Test scan the barcode yourself with a handheld scanner before sending it to us.
    If it doesn’t scan well with your scanner, it likely won’t pass a verification report.

    Check that there are sufficiently big quiet zones on either side of the barcode.
    Quiet Zones are part of the barcode specifications that refer to the white spaces on either side of the bars.

    These are required to be a certain size for the barcode to scan correctly and for it to fit within the officially accepted specifications.
    Sometimes a ‘>’ is used to indicate how big the quiet zone should be.

    It is always advisable to visually check your barcode before sending it to us – look at it under a magnifying glass to see if any of the bar lines are fuzzy.

    You can find detailed information on barcode verification and how to ensure that your barcode scans well here: http://www.barcode-test.com/wp-content/uploads/2012/06/Getting-it-Right-1st-Release-Aug-15-2012.pdf .

  • Can a consumer track my business via my barcode?

    YES, if you’ve registered your barcode through our free service:

    You need to have made your details available by registering barcodes in our online database, GEBIR.

    Without formal registration, a barcode does not appear on GEBIR.

    Consumers need only enter your barcode numbers to see the business details that you’ve made available.

    Global Electronic Barcode Information Registry (GEBIR):

    GEBIR is a unique, cloud-based service that gives access to contact information and/or product information for companies that are using registered barcodes.

    Independent registration:

    You upload your product information independently, so you can trust it to be accurate.
    See here for details on how to register on GEBIR: https://gebir.org/faq/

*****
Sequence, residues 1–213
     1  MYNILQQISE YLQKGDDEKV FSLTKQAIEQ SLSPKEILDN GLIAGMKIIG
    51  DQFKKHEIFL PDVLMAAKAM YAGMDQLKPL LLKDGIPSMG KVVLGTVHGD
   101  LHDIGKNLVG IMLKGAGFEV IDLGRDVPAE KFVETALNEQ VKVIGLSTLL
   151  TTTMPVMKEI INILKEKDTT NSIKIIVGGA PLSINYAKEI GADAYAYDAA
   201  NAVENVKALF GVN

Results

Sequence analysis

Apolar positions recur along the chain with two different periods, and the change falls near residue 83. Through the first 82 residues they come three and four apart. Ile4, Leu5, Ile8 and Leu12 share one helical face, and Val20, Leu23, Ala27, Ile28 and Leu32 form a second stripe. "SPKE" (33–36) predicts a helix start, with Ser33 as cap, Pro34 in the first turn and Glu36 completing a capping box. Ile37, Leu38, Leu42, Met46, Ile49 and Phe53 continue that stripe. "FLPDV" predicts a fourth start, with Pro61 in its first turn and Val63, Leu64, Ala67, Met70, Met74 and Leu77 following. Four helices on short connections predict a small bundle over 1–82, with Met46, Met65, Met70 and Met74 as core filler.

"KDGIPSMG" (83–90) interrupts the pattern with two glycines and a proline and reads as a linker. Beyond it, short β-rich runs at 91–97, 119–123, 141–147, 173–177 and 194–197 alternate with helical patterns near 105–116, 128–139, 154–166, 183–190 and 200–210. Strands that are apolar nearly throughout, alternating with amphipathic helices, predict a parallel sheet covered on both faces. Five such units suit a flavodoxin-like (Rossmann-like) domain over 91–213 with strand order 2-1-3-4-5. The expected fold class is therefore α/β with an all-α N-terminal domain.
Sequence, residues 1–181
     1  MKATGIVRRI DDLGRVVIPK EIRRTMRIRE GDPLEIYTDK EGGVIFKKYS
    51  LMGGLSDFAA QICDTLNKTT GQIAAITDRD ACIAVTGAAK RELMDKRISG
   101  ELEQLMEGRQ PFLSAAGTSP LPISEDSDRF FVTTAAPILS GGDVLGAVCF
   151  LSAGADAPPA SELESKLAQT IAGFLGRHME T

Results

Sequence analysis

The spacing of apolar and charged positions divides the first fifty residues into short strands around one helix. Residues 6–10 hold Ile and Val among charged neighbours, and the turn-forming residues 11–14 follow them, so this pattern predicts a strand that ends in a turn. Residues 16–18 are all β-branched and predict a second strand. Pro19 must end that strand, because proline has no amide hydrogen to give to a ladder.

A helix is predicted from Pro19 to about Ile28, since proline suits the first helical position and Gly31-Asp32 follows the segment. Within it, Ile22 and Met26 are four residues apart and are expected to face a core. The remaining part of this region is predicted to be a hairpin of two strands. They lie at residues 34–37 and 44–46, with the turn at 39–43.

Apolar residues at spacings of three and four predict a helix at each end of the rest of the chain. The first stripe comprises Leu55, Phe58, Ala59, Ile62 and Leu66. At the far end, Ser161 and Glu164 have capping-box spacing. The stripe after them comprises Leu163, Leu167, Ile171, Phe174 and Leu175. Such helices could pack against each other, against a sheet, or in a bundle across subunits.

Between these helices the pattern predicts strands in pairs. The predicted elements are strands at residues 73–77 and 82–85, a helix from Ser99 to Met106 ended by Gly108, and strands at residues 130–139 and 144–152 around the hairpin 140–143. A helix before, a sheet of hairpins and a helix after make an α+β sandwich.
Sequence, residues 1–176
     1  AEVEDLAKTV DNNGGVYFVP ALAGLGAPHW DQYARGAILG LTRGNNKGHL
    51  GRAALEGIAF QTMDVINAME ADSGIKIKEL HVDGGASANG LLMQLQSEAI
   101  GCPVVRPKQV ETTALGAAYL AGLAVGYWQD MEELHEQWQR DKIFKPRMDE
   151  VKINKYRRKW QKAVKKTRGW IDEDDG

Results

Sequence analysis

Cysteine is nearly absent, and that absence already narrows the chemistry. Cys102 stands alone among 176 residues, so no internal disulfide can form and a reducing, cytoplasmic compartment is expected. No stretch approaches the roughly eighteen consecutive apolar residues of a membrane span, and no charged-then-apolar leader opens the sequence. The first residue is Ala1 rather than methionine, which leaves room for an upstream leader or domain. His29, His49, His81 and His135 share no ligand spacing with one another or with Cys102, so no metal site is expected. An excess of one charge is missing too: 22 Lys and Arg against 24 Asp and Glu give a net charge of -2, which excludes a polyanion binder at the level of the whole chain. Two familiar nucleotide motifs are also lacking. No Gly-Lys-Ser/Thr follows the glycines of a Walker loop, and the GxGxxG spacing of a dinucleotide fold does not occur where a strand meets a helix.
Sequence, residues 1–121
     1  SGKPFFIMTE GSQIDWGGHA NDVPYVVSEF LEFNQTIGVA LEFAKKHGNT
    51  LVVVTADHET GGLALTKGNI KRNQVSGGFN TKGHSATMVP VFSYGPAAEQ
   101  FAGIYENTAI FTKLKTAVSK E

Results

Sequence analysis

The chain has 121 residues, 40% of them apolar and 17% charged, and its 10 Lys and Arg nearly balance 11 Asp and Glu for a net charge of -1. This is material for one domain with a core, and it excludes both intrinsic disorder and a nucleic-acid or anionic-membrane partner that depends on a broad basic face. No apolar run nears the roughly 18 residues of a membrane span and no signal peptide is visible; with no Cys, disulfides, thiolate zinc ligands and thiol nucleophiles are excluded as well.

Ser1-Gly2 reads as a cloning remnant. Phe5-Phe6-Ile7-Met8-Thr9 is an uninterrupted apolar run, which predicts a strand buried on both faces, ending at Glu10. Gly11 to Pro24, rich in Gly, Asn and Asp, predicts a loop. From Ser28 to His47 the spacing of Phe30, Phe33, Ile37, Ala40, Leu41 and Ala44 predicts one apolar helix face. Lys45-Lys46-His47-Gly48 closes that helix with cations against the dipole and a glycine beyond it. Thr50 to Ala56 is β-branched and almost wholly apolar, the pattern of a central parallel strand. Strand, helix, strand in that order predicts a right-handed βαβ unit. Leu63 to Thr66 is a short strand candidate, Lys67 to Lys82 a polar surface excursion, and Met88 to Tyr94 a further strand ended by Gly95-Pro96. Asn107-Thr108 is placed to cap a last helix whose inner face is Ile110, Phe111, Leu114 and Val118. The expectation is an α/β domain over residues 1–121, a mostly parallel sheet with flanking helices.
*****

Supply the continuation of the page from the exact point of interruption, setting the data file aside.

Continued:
Who typically searches GEBIR, and for what purpose? 

    • Consumers looking for more product information than is printed on the packaging.
    • Consumers looking for more manufacturer information than is printed on the packaging.
    • Buyers in retail stores, hardware chains and supermarkets looking for contact information when sourcing new products.
    • App designers looking for accurate sources of information about retail barcode numbers.
    • Distributors checking the legitimacy of products they are considering distributing.
    • Online retailers (e.g. Amazon) wanting to check the accuracy of information about products listed for sale.

    Searching for a registered barcode on GEBIR:

    1. Go to our website search here: https://internationalbarcodes.com/gebir/
    2. Type any of the following terms into the GEBIR search:
      – barcode number
      – company/product name
      – email address
      > The owner’s contact information and/or product information should display.
    3. If it doesn’t display, check your typing…
      > If the typed number is correct, it is likely that the barcode has not been formally registered.

    See also the GEBIR website: GEBIR – the Global Electronic Barcode Information Registry